Here Sorell gets carried away by the proliferation of trends in dance and the overwhelming rejection of Romanticism. Thus, to convey the merging of diverse aesthetic concepts in modern dance, Sorell has Diaghilev taking the entire Ballets Russes to Dalcroze eurhythmies classes, and hiring Marie Rambert to train the company in this technique, the better to deal with the complexities of Stravinsky’s Sacre du Printemps.

The picture is tempting but too neat. Bronislava Nijinska, in her recently published Early Memoirs,2 has more convincingly documented the company’s contempt for the eurhythmies fad, remarking that the project to initiate the company in the technique was abandoned after the dancers boycotted the classes. Claude Debussy dismissed Nijinsky’s ballet Jeux by calling it “Dalcrozian,” adding, “I hold M. Dalcroze to be one of the worst enemies of music.”

Sorell’s attempt to make a unified whole of the Denishawn dancers, T.S. Eliot’s poetry, and Sacco and Vanzetti is a more striking example of his reckless appetite for inclusive generalizations. He writes of the 1920′s, “The eternal prejudice of humanity was seasoned by the giddy mentality of a new cashocracy rushing toward an earthshaking stock-market crash.” These efforts at encompassing statements, besides being untrue in themselves, are of dubious relevance to the small, enclosed world of dance. The bridge between the theater and the stock-market is built of more sinuous threads than these.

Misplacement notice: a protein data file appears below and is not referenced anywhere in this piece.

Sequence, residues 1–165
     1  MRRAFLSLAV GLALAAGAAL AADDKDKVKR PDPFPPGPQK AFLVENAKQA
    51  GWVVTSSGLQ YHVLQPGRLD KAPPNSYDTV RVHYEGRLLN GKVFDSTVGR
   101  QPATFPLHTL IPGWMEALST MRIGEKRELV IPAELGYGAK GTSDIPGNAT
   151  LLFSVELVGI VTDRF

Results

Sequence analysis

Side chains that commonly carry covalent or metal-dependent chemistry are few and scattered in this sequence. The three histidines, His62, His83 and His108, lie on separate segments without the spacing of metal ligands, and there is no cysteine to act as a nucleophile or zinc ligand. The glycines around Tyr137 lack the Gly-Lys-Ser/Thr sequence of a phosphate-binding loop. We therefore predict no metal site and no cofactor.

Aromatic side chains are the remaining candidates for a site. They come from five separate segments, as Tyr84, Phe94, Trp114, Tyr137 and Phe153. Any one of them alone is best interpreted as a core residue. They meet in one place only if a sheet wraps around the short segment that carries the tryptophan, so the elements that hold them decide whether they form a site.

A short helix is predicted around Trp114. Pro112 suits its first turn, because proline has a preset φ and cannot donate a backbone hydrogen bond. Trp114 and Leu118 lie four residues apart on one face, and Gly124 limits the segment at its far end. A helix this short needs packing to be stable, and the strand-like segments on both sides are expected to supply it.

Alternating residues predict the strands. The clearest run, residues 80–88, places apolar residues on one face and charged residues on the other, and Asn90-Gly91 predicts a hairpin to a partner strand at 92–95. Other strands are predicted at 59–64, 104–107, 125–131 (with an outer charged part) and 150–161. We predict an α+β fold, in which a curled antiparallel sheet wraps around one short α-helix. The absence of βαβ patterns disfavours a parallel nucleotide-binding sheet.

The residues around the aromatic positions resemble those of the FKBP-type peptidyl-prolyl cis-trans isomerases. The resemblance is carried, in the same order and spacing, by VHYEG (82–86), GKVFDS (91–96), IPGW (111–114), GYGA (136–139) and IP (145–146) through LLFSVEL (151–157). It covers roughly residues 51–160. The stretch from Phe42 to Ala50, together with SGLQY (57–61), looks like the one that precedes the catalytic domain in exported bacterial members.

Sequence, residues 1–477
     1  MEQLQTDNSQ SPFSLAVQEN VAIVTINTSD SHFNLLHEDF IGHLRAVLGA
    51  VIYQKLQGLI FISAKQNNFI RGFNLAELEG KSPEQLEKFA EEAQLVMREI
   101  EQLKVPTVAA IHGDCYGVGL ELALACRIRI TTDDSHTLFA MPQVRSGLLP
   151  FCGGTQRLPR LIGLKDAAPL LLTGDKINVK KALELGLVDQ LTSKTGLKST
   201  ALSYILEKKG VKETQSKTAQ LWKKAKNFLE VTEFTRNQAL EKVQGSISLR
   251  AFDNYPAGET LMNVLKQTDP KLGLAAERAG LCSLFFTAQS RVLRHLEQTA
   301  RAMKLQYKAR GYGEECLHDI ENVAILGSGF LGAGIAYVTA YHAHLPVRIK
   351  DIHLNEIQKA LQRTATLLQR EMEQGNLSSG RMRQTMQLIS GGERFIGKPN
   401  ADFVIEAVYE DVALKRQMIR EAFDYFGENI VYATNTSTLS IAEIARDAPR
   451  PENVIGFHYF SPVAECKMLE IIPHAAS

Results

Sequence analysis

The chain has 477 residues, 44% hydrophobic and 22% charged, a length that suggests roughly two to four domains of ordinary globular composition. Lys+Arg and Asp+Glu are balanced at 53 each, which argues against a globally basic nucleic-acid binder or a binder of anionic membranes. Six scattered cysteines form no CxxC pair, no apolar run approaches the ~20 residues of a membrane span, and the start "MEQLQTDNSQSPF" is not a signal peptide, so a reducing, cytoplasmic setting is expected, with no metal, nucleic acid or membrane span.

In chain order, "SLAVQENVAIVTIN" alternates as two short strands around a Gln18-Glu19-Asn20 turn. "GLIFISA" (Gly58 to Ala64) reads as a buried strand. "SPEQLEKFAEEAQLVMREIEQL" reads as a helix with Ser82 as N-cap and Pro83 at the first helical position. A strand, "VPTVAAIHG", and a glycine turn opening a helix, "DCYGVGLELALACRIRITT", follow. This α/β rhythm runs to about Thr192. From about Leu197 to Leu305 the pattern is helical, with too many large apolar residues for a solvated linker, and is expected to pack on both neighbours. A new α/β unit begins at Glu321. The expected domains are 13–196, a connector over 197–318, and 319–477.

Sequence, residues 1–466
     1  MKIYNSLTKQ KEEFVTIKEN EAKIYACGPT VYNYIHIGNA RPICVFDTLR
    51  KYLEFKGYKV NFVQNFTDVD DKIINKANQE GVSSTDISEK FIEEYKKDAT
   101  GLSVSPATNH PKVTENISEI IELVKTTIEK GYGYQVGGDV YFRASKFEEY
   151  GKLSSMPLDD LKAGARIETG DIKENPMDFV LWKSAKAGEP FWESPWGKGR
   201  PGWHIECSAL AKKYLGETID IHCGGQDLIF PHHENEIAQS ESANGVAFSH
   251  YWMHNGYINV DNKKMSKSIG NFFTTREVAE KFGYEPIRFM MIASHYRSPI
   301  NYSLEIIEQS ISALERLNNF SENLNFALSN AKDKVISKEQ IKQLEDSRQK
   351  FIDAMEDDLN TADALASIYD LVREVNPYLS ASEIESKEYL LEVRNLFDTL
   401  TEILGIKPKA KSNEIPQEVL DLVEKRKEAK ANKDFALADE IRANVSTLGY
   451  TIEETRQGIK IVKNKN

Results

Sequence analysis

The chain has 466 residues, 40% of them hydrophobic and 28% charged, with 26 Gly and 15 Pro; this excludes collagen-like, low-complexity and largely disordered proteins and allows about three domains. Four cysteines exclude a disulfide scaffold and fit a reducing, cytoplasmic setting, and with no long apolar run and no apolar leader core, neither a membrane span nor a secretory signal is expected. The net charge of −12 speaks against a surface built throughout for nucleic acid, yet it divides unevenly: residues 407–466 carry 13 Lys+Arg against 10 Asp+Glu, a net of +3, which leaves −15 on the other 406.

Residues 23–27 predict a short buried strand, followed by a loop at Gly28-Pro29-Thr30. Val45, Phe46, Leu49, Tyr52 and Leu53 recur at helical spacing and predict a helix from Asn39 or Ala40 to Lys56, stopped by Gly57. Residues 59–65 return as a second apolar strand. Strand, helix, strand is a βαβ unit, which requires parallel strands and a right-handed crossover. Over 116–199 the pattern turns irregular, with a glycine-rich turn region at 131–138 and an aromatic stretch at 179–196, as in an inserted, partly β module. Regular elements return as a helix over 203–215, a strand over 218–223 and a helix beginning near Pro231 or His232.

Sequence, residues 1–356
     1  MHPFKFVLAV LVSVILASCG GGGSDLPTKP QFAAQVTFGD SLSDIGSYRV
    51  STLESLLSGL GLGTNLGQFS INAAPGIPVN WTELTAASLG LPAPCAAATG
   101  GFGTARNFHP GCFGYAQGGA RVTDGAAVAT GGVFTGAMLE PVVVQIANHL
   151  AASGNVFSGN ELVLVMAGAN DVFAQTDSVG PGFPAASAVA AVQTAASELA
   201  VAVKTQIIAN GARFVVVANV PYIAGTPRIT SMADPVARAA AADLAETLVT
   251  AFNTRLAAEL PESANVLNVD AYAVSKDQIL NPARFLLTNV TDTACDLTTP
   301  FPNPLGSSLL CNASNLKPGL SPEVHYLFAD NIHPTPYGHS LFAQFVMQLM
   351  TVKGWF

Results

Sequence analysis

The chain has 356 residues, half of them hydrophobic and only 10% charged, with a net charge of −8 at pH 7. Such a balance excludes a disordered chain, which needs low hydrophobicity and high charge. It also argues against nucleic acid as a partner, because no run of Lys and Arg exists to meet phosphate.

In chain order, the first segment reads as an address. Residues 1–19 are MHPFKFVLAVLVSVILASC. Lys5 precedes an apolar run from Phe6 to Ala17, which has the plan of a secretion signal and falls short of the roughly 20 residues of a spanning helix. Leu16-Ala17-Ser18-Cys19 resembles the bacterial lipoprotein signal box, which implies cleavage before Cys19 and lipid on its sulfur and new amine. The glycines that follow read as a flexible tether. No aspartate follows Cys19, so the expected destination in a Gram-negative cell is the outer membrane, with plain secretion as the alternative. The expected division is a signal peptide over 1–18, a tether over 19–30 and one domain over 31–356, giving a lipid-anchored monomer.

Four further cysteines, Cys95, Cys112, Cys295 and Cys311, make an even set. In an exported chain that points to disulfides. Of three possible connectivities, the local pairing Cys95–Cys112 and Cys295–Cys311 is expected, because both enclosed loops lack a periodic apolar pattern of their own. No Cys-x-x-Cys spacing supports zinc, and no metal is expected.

On a narrower subject, dance on film, Sorell has more cogent things to say. “The viewers . . . no longer see the dancer, they see the camera seeing the dancer . . . it becomes a secondhand event. . . . Reality is rebuilt, reorganized.” Without doubt, choreography has not entirely caught up with the new technique. Choreographers depend heavily on videotape to preserve dances that have gone out of repertory, or to protect copyrights, but it is comparatively rare for a choreographer to work effectively with the camera, thinking in terms not of its limits but of its advantages. Dance on television is all too often a secondhand event, ballet designed for the stage and reconceived for the camera with only minimal adjustments. There are, of course, exceptions: Twyla Tharp, in Making Television Dance, worked imaginatively with videotape, demonstrating the unique possibilities of the television screen, and Martha Graham’s Clytemnestra is extraordinarily powerful on tape. Modern dance may “work” better on the small screen than does ballet. It is intimate, relies usually on small casts, and often derives much of its significance from subtle gestures and expressions.